Martha took the rope and ran into the middle of the room. She counted up to a hundred as she skipped.

‘That looks lovely,’ said Mary. ‘Your mother is very kind. Do you think I could ever skip like that?’

‘Just try,’ said Martha. ‘Mother says it’ll make you strong and healthy. Skip outside in the fresh air.’

Mary put her coat on and took the skipping-rope. As she was opening the door, she thought of something and turned round.

‘Martha, it was your money really. Thank you.’ She never thanked people usually and she did not know how to do it. So she held out her hand, because she knew that adults did that.

Martha shook her hand and laughed. ‘You’re a strange child,’ she said. ‘Like an old woman! Now run away and play!’

The skipping-rope was wonderful. Mary counted and 

skipped, skipped and counted, until her face was hot and red. She was having more fun than she had ever had before. She skipped through the gardens until she found Ben Weather staff, who was digging and talking to his robin. She wanted them both to see her skip.

‘Well!’ said Ben. ‘You’re looking fine and healthy today! Go on skipping. It’s good for you.’

Mary skipped all the way to the secret garden wall. And there was the robin! He had followed her! Mary was very pleased.

‘You showed me where the key was yesterday,’ she laughed. ‘I’ve got it in my pocket. So you ought to show me the door today!’ The robin hopped on to an old climbing plant on the wall, and sang his most beautiful song. Suddenly the wind made the plant move, and Mary saw something under the dark green leaves. The thick, heavy plant was covering a door. Mary’s heart was beating fast and her hands were shaking as she pushed the leaves away and found the key¬hole. She took the key out of her pocket, and it fitted the hole. Using both hands, she managed to unlock the door. Then she turned round to see if anyone was watching. But there was no one, so she pushed the door, which opened, slowly, for the first time in ten years. She walked quickly in and shut the door behind her. At last she was inside the secret garden!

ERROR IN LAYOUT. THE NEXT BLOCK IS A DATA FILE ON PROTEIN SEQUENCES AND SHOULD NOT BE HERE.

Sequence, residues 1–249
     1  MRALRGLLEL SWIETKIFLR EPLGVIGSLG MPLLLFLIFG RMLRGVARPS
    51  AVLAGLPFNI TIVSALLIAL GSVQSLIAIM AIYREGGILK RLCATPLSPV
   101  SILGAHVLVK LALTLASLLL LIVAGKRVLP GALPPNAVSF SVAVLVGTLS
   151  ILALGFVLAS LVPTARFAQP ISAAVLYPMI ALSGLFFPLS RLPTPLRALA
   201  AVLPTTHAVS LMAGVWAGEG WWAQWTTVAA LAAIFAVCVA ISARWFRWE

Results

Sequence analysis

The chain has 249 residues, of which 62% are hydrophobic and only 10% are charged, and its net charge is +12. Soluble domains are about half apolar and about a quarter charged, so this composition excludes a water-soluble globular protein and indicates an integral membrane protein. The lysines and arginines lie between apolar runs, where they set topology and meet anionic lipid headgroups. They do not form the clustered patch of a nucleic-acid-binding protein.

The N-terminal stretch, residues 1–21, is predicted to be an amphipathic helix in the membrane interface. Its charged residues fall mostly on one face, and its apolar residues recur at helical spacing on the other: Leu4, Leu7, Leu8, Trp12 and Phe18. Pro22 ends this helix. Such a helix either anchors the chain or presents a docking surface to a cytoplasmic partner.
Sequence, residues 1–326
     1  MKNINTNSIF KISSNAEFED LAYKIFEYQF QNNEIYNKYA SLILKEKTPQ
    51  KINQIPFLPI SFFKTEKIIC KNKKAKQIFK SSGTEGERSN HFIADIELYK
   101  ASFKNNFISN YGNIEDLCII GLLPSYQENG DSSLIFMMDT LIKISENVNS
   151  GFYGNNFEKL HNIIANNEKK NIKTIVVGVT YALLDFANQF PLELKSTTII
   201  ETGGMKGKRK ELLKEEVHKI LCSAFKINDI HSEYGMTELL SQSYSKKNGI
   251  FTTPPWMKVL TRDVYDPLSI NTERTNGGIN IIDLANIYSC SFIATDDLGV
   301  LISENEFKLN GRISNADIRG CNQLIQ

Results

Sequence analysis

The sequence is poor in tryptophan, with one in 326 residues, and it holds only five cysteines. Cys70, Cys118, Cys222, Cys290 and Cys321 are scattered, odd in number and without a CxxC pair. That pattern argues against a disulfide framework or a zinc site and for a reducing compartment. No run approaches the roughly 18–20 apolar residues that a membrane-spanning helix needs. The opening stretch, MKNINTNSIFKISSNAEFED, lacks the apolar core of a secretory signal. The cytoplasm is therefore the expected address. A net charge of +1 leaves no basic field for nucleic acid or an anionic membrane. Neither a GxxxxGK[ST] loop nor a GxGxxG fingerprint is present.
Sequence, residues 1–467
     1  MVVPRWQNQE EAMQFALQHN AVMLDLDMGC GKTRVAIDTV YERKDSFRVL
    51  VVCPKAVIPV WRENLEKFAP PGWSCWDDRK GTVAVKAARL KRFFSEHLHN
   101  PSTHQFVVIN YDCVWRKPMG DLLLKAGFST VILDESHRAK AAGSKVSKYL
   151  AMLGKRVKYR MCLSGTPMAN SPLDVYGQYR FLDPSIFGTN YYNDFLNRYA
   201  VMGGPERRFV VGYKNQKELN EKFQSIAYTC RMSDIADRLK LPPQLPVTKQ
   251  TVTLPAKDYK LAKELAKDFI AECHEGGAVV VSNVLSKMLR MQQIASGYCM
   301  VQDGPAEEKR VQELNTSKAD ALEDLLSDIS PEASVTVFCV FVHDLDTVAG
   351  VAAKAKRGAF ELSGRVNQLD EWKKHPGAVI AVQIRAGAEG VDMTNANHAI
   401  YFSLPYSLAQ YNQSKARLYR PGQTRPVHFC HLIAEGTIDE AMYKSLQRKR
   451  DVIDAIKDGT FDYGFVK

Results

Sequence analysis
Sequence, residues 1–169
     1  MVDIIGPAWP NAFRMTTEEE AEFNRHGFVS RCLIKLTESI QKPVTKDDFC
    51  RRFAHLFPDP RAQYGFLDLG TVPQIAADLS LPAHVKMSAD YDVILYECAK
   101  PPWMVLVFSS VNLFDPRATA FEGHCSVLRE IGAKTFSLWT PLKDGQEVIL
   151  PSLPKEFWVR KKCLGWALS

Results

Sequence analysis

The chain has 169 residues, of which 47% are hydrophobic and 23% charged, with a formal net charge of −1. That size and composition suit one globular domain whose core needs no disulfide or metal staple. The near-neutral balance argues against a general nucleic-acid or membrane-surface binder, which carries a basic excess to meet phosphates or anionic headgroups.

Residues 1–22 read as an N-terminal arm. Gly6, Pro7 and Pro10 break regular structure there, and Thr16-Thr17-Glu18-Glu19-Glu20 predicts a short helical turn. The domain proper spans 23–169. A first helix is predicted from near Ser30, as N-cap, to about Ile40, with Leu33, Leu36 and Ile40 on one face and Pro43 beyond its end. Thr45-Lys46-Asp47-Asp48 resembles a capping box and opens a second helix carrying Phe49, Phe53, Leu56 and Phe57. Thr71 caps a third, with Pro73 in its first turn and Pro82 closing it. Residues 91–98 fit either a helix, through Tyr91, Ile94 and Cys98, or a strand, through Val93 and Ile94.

It was the loveliest, most exciting place she had ever seen. There were old rose trees everywhere, and the walls were covered with climbing roses. She looked carefully at the grey branches. Were the roses still alive? Ben would know. She hoped they weren’t all dead. But she was inside the wonderful garden, in a world of her own. It seemed very strange and silent, but she did not feel lonely at all. Then she noticed some small green shoots coming up through the grass. So something was growing in the garden after all! When she found a lot more shoots in different places, she decided they needed more air and light, so she began to pull out the thick grass around them. She worked away, clearing the ground, for two or three hours, and had to take her coat off because she got so hot. The robin hopped around, pleased to see someone gardening.

She almost forgot about lunch, and when she arrived back in her room, she was very hungry and ate twice as much as usual. ‘Martha,’ she said as she was eating, ‘I’ve been thinking. This is a big, lonely house, and there isn’t much for me to do. Do you think, if I buy a little spade, I can make my own garden?’ ‘That’s just what Mother said,’ replied Martha. ‘You’d enjoy digging and watching plants growing. Dickon can get you a spade, and some seeds to plant, if you like.’

‘Oh, thank you, Martha! I’ve got some money that Mrs Medlock gave me. Will you write and ask Dickon to buy them for me?’ ‘I will. And he’ll bring them to you himself.’

‘Oh! Then I’ll see him.’ Mary looked very excited. Then she remembered something. ‘I heard that cry in the house again, Martha. It wasn’t the wind this time. I’ve heard it three times now. Who is it?’ Martha looked uncomfortable. ‘You mustn’t go wandering around the house, you know. Mr Craven wouldn’t like it. Now I must go and help the others downstairs. I’ll see you at tea-time.’ As the door closed behind Martha, Mary thought to herself, ‘This really is the strangest house that anyone ever lived in.’